There have also been some reports of nursing homes or assisted living facilities intercepting residents’ direct payment checks. If you believe this has happened to you or a loved one, you are encouraged to file a complaint with the Arizona Department of Health Services at 602-542-1000.
As you know, this pandemic has negatively affected our economy and led to volatility in the stock market. The economy may cause your IRA and 401(k) balances to drop.
The average IRA balance fell to $98,900 in the first quarter of 2020. The average 401(k) balance fell to $91,400 during the first quarter of 2020. Retirees living on a fixed income may experience especially difficult economic circumstances.
If you can still afford to make contributions, keep funding your 401(k) or IRA. You may also consider dipping into a savings account or emergency fund rather than withdrawing from a depleted retirement or investment account until the economy improves and the market stabilizes.
The CARES Act includes several provisions that cover retirement accounts and may provide some financial relief to those saving for retirement:
- If you have experienced financial hardship related to the coronavirus, you can waive the 10 percent penalty for withdrawing money from IRAs, 401(k)s and 403(b)s. The 10 percent waiver only covers withdrawals up to $100,000. If you need to withdraw money for required minimum distributions or living expenses, we encourage you to take out only the minimum necessary.
- Taxes on the withdrawals can currently be paid over the course of three years after the withdrawal. The repayments will not be counted toward the annual contribution limits.
- Individuals can delay making payments on retirement account loans due between March 27 and December 31, 2020.
For official IRS guidance on retirement plans under the CARES Act, visit irs.gov/newsroom/coronavirus-related-relief-for-retirement-plans-and-iras-questions-and-answers.
Arizona's Legal Assistance Program was established under the federal Older Americans Act to offer information, advice, assistance, and advocacy to persons 60 years of age and older. Some legal services include:
- Creation of wills
- Help with guardianship
- Crafting advanced directives, which are a way to express your health care or financial decisions should you become ill or unable to communicate. Advanced directives can inform health care providers of your preferences regarding health care procedures and treatments. They also allow an individual granted a financial power of attorney authority to act on your behalf in financial matters should you become unable to communicate. For advanced directive documents and information, visit the Arizona attorney general's website.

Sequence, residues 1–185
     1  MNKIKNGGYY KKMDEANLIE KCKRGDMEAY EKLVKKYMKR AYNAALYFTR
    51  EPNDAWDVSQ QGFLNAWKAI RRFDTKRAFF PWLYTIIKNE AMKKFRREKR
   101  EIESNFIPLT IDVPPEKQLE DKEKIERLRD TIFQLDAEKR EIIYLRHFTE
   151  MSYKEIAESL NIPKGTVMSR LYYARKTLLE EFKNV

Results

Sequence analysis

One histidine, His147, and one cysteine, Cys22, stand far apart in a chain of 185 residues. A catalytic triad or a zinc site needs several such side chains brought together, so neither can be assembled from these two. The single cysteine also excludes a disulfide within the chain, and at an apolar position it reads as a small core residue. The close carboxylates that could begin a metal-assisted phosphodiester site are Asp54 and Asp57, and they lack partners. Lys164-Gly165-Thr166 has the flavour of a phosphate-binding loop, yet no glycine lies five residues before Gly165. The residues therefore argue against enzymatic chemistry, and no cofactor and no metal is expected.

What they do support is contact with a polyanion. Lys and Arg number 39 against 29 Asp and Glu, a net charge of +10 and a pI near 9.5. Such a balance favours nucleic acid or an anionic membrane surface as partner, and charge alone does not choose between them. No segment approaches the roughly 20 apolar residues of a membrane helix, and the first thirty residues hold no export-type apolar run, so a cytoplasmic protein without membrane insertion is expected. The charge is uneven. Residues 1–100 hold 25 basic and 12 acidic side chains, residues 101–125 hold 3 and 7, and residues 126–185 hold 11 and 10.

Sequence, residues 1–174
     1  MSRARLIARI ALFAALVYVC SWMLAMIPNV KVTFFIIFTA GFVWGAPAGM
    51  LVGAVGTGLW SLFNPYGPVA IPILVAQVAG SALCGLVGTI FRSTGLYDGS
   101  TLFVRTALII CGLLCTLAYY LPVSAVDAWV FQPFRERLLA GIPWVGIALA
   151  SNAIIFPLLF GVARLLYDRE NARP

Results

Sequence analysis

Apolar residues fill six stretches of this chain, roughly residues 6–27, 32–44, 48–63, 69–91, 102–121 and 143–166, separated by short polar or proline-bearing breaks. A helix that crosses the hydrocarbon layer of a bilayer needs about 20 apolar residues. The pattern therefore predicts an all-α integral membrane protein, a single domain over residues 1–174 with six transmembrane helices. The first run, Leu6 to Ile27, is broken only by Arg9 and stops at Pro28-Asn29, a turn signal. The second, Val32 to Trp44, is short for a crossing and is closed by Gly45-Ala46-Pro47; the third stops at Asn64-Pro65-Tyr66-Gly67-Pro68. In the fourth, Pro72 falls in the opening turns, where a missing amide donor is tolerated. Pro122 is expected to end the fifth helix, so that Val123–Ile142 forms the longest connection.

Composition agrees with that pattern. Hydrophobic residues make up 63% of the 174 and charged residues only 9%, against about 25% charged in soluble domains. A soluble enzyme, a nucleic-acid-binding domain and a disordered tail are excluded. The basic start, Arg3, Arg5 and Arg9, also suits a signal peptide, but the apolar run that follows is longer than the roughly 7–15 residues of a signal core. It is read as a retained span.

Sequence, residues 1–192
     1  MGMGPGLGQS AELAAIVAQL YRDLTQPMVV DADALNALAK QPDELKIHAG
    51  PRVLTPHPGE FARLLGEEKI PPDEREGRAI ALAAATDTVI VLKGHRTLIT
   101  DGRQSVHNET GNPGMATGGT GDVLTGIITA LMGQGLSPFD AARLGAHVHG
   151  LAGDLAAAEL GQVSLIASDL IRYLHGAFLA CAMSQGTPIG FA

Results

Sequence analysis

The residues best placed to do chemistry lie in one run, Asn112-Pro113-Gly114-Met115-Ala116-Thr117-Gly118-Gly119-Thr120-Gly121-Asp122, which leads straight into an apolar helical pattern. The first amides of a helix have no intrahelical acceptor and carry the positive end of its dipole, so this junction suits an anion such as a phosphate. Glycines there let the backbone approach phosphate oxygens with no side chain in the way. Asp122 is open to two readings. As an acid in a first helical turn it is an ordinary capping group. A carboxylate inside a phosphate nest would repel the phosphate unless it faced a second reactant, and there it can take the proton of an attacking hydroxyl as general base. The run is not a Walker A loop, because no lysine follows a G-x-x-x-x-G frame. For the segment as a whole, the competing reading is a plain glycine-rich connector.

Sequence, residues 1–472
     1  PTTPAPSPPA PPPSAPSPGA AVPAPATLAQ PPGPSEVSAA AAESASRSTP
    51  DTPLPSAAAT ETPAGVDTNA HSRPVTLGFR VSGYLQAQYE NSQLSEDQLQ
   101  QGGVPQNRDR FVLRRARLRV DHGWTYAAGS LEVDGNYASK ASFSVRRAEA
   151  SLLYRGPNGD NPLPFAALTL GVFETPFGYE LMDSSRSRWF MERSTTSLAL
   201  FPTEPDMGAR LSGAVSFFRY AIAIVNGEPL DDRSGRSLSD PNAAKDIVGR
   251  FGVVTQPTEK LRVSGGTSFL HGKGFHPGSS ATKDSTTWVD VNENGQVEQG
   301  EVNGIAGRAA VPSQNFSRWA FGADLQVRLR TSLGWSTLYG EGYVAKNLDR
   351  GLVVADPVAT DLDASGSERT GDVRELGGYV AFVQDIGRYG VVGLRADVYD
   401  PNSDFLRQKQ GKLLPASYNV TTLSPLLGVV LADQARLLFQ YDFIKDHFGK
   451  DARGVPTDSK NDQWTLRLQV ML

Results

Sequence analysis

For more information on Arizona’s Legal Assistance Program, please visit des.az.gov/services/older-adults/legal-services-assistance.
Getting to the grocery and other food stores is more difficult during the coronavirus pandemic.
For a list of food banks and other places to go for emergency food assistance in each Arizona county, please visit sinema.senate.gov/sites/default/files/2020-03/Food%20BanksResources.pdf.
Formerly known as the Food Stamp Program, SNAP is a federal program that combats hunger across the nation by providing critical assistance to low-income families. You may determine if you are eligible for SNAP benefits by visiting arizonaselfhelp.org.
- All information about applying to the program and receiving benefits can be found at des.az.gov/services/basic-needs/food/nutrition-assistance.
- To receive assistance in applying to the program, visit wildfireaz.org/find-help/snap/.
Meals on Wheels offers nutritious meals to seniors throughout the nation. A comprehensive list of Area Agencies on Aging, which provide services to seniors including Meals on Wheels and other home meal delivery programs, can be found at des.az.gov/services/older-adults/area-agency-on-aging-locations.
The Commodity Supplemental Food Program (CSFP) is a federal program that provides low-income seniors aged 60+ with food assistance. More information on the program in Arizona can be found at des.az.gov/services/basic-needs/food-assistance/az-commodity-senior-food-program. Additional federal resources can be found at fns.usda.gov/disaster/pandemic.
Federal coronavirus-response legislation: click HERE.
Specific actions Kyrsten is taking on behalf of Arizona: click HERE.
Visit our main resources page: sinema.senate.gov/corona.